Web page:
plants

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Design Science

Unearth the Secrets of the Green Kingdom with the 'Plants' App from Tinybop

May 26, 2014

Christopher Jobson

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You might remember an awesome app mentioned here a few months ago from the creative team over at Tinybop called The Human Body. The educational app takes you deep inside the, erm, bowels of the human body using artwork from illustrator and designer Kelli Anderson. Less than a year later we get to see the latest addition to Tinybop’s Explorer’s Library series, Plants.

The educational title lets you explore two interactive dioramas (forest and desert) illustrated by Marie Caudry where you learn about the lifecycle of plants and how they interact with the rest of the world. Tundra and grassland biomes coming soon.

Tinybop also invited Anderson back in a partnership with Daniel Dunnam to create this paper stop motion short to promote Plants. Download the app here here. (via Colossal Swissmiss)

 

 



Design

Ultra Small Bonsai Plants Give New Meaning to the Word Miniature

May 19, 2014

Johnny Waldman

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What happens when you apply of love of small things to an art form that’s already all about small things? In recent years Bonsai—Japan’s art form of growing miniature trees in miniature planters—has undergone a miniaturization trend. Industry experts consider bonsai plants less than 3 cm (about 1 inch) to be particularly difficult, but artists have taken on the challenge, creating tiny plants and tiny planters that, literally, are at your fingertips. It’s given rise to a new category, known as cho-mini bonsai, or ultra-small bonsai.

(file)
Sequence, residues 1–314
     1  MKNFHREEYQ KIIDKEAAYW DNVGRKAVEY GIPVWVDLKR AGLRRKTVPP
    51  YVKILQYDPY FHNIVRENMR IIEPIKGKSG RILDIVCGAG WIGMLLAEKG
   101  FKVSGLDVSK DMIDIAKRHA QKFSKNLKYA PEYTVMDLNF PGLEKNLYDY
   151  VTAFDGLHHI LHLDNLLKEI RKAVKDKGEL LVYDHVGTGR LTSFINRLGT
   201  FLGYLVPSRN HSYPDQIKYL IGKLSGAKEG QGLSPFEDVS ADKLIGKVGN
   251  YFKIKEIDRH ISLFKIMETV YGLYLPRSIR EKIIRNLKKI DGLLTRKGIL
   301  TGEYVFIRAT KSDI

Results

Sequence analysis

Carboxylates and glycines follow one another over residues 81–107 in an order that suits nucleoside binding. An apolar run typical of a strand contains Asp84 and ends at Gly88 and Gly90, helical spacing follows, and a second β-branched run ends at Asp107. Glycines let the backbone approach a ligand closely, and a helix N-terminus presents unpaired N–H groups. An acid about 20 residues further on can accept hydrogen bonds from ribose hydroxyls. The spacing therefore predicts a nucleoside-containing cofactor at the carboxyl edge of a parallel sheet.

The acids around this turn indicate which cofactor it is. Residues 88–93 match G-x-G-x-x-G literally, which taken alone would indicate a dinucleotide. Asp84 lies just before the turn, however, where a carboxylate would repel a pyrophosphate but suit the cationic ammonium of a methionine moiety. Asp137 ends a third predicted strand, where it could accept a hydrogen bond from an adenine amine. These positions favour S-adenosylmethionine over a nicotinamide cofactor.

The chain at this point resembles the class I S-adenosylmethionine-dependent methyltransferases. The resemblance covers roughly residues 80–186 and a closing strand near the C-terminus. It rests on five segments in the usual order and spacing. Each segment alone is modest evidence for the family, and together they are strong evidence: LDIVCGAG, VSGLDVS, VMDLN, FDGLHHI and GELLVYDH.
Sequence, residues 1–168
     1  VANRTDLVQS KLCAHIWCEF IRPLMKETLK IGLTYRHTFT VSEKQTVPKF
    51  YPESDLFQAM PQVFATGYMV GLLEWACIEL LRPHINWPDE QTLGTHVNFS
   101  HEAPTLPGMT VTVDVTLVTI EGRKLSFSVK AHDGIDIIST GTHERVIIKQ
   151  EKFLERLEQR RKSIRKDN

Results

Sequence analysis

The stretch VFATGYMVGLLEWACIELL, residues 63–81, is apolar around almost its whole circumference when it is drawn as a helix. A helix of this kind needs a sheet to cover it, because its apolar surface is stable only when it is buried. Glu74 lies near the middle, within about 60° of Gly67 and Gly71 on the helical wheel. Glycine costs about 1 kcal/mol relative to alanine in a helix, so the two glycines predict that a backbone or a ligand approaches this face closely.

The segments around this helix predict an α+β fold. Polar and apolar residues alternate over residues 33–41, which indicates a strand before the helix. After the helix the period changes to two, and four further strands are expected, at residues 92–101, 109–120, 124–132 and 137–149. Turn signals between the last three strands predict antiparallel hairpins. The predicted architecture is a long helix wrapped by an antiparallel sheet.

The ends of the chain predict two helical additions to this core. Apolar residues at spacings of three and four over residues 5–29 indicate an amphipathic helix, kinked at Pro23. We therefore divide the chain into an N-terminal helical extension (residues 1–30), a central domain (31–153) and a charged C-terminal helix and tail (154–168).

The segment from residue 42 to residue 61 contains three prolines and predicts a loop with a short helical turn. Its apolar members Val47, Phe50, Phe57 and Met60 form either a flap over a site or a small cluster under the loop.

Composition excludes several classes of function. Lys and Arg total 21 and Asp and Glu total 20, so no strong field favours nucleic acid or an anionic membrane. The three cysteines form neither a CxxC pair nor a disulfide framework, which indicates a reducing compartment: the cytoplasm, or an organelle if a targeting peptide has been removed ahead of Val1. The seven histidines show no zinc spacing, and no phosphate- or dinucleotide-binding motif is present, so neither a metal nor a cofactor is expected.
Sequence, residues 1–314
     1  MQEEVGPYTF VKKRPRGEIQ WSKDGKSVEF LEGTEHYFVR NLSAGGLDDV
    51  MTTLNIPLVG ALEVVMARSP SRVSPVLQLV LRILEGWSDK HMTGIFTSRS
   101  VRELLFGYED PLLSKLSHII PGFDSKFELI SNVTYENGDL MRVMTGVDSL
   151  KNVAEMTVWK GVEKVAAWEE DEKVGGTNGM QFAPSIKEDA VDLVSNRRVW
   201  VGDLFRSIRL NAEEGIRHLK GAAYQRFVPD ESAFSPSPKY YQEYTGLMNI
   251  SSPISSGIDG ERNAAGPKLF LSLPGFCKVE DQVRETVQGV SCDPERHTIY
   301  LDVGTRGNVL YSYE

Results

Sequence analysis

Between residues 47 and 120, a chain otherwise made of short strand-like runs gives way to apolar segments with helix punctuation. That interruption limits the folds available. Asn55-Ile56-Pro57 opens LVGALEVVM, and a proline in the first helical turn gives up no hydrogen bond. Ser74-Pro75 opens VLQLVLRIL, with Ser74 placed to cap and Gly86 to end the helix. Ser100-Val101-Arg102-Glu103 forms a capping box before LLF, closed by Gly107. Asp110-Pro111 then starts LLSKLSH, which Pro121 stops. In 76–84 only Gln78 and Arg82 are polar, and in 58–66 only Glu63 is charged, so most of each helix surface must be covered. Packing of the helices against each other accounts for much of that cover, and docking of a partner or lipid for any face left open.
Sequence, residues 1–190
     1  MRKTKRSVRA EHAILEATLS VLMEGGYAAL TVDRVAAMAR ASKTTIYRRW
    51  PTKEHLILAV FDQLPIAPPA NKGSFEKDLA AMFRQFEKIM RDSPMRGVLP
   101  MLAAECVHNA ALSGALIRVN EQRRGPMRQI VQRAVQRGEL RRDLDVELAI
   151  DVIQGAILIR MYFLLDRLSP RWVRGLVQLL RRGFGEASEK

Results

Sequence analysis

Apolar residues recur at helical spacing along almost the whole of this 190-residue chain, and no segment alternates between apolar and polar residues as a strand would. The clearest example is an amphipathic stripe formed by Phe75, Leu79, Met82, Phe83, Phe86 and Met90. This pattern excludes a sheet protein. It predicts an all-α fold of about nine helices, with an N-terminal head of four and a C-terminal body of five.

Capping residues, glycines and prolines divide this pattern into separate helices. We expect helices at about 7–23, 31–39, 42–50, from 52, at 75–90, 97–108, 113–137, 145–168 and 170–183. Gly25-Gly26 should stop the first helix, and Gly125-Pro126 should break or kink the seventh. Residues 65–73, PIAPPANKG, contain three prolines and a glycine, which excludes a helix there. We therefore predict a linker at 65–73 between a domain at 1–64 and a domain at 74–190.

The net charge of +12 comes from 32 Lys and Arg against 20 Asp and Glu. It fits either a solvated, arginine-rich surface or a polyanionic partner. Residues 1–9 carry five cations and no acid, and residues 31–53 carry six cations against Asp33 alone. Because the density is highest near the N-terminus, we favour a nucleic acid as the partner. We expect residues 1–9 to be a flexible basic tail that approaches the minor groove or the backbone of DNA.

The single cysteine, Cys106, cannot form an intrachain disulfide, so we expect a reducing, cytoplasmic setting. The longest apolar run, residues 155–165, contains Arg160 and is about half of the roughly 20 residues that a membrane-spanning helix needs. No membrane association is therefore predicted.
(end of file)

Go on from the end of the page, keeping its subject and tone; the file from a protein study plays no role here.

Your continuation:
It’s no secret that the Japanese excel at making things smaller, whether it’s automobiles, electronics or food. In fact, Japan’s love of small things can be found in literature dating back over a 1,000 years. When it comes to the land of the rising sun, it’s clear that beauty comes in small packages. (via Archie McPhee, RocketNews24)

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Design

OLED Dandelion Lights by Takao Inoue

May 12, 2014

Christopher Jobson

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These beautiful lights were designed by cinematographer Takao Inoue as part of a small exhibition on display at Milano Salone earlier this year. The lights are made from real dandelions that have been suspended inside an acrylic block with a miniature OLED light embedded within the stem. You can read more on Spoon & Tamago and catch a brief interview with the designer on Lost at E Minor. (via Spoon & Tamago)

Update: Oh, and here’s a video.

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History Photography Science

Artist Rachel Sussman Photographs the Oldest Living Things in the World before They Vanish

April 14, 2014

Christopher Jobson

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La Llareta (up to 3,000 years old; Atacama Desert, Chile)

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Spruce Gran Picea #0909 – 11A07 (9,550 years old; Fulufjället, Sweden)

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Welwitschia Mirabilis #0707-22411 (2,000 years old; Namib-Naukluft Desert, Namibia)

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Antarctic Moss #0212-7B33 (5,500 years old; Elephant Island, Antarctica)

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Jōmon Sugi, Japanese Cedar #0704-002 (2,180-7,000 years old; Yakushima, Japan

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Underground Forest #0707-10333 (13,000 years old; Pretoria South Africa) DECEASED